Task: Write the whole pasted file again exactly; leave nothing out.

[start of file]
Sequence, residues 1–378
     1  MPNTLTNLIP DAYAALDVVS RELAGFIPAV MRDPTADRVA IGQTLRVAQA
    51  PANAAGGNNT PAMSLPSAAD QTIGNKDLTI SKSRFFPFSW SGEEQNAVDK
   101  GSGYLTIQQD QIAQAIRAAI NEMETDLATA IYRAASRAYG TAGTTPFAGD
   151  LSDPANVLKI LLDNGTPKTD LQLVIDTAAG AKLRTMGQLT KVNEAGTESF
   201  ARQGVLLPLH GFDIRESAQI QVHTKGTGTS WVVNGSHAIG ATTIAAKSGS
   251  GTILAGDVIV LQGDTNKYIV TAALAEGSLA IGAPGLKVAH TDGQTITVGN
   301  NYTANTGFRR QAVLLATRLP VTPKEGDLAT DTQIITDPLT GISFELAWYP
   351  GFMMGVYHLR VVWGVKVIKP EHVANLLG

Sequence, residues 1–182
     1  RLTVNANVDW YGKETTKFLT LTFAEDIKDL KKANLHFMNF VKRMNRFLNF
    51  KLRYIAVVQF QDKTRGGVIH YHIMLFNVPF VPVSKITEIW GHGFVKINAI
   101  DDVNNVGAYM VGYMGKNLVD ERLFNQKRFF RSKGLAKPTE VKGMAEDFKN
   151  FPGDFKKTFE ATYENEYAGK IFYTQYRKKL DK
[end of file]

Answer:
Sequence, residues 1–378
     1  MPNTLTNLIP DAYAALDVVS RELAGFIPAV MRDPTADRVA IGQTLRVAQA
    51  PANAAGGNNT PAMSLPSAAD QTIGNKDLTI SKSRFFPFSW SGEEQNAVDK
   101  GSGYLTIQQD QIAQAIRAAI NEMETDLATA IYRAASRAYG TAGTTPFAGD
   151  LSDPANVLKI LLDNGTPKTD LQLVIDTAAG AKLRTMGQLT KVNEAGTESF
   201  ARQGVLLPLH GFDIRESAQI QVHTKGTGTS WVVNGSHAIG ATTIAAKSGS
   251  GTILAGDVIV LQGDTNKYIV TAALAEGSLA IGAPGLKVAH TDGQTITVGN
   301  NYTANTGFRR QAVLLATRLP VTPKEGDLAT DTQIITDPLT GISFELAWYP
   351  GFMMGVYHLR VVWGVKVIKP EHVANLLG

Sequence, residues 1–182
     1  RLTVNANVDW YGKETTKFLT LTFAEDIKDL KKANLHFMNF VKRMNRFLNF
    51  KLRYIAVVQF QDKTRGGVIH YHIMLFNVPF VPVSKITEIW GHGFVKINAI
   101  DDVNNVGAYM VGYMGKNLVD ERLFNQKRFF RSKGLAKPTE VKGMAEDFKN
   151  FPGDFKKTFE ATYENEYAGK IFYTQYRKKL DK